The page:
– Do you need help, honey?

– Yes

I paused work, and we cleaned the mess together.

When my kid is in trouble, I do not want them to think, “my mum is going to kill me.”

I want them to think, “I need to call my mum.”

This kind of trust is built early and with little things like spilt milk.

By the way, the same applies to leading our team.

When we are helpful instead of punishing them when they make mistakes, they are more likely to come to us when there is trouble.

Staying Composed At Work

Anger is a natural and even helpful emotion when we are threatened or unfairly treated. It helps us protect ourselves and our young.

When I coach teams, I do not ban emotions, including anger, from their conversations. They are human, and being emotional means they care.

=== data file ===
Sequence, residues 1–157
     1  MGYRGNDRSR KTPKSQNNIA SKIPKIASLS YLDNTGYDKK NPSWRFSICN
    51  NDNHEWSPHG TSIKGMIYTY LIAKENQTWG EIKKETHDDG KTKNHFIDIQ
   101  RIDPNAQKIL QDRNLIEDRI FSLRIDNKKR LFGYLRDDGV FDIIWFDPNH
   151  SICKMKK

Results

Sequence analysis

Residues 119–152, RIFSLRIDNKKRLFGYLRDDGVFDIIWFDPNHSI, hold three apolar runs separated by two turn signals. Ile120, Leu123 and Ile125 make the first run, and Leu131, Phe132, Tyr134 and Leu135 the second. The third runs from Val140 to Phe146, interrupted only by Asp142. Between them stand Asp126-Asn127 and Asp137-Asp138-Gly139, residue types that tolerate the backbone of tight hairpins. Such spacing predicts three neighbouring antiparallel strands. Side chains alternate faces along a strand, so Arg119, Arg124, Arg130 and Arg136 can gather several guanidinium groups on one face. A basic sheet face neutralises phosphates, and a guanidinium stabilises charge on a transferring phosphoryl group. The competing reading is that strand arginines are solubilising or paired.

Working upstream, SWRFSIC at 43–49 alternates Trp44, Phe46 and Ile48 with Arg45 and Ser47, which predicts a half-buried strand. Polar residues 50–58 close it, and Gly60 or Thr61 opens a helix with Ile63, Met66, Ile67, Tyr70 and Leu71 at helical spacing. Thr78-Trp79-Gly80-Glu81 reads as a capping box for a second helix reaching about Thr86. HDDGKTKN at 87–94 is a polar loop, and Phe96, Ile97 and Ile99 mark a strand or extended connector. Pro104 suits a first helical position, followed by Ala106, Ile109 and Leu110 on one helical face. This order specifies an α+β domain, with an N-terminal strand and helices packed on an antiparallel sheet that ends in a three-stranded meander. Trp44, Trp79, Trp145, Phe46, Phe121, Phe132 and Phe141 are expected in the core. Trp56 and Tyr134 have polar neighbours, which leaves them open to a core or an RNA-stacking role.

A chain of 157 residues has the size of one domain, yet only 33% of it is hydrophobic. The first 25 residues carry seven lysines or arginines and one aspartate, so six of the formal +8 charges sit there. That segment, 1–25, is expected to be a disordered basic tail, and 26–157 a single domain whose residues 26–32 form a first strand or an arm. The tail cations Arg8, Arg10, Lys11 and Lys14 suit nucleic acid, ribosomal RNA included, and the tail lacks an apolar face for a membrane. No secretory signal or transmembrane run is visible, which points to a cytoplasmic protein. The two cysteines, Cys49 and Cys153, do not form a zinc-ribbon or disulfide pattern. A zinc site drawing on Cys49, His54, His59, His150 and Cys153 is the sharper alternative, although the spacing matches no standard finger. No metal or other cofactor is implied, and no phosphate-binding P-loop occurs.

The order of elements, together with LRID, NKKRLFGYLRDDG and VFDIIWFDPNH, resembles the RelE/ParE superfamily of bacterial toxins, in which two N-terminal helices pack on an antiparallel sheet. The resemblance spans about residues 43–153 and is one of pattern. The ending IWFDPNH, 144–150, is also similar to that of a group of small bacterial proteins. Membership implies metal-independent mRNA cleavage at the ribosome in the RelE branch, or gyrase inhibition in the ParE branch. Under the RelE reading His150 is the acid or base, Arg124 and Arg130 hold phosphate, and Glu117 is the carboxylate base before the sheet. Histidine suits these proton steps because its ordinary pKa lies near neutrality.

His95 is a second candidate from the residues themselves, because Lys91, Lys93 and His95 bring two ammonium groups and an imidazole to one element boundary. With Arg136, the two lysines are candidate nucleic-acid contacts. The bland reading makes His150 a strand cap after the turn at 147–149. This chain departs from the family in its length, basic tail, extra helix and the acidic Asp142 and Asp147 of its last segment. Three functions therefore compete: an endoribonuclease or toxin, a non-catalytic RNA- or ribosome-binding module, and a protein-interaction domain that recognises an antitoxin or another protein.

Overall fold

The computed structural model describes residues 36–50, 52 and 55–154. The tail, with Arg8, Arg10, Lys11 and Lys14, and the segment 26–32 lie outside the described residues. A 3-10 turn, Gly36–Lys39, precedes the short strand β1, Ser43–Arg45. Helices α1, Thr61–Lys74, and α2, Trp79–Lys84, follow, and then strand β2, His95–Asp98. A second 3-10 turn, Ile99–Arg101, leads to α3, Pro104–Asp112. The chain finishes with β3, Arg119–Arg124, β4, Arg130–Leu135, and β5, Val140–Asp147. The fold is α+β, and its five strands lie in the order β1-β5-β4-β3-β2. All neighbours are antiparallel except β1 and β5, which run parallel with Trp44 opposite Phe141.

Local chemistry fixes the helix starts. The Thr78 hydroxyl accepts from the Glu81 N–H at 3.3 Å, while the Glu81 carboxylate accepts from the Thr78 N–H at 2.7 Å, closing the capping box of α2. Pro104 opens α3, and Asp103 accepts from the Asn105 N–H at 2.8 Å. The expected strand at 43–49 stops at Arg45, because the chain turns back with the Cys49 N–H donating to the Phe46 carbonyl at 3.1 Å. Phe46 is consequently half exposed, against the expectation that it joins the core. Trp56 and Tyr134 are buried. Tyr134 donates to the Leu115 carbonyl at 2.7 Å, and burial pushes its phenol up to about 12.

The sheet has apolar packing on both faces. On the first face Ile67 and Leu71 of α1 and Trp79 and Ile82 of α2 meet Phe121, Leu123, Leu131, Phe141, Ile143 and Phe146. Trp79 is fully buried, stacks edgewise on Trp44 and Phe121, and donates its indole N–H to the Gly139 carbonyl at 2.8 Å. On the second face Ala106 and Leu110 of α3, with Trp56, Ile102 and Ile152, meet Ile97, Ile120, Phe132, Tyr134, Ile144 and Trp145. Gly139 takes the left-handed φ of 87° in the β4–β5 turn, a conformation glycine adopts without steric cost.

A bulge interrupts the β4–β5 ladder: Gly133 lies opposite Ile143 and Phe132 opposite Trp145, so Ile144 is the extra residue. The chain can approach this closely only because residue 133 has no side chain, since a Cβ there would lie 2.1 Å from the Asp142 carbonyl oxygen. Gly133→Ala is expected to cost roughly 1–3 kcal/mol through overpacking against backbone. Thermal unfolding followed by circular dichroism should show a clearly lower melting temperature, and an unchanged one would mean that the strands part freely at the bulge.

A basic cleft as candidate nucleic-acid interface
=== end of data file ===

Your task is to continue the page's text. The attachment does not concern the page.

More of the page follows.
I work on reducing toxic behaviours like blame, sarcasm, stonewalling and defensiveness.

Summarizing some of the strategies I have used to deal with my clients and my anger at the workplace:

  • Remind yourself that you are safe – whatever they did, it is a manageable threat. Your life and family are not in danger as much as your body thinks they are.
  • Just like you would not expect kids to behave like adults, level your expectations to the amount of training, clear guidance and seniority someone has. They might also be having a bad day or personal issues.
  • Hold off from having an in-person postmortem while emotions are high.
  • Do not use toxic behaviours like blame, stonewalling, defensiveness and sarcasm.
  • Try using tapping (EFT) for an urgent calm-me-down.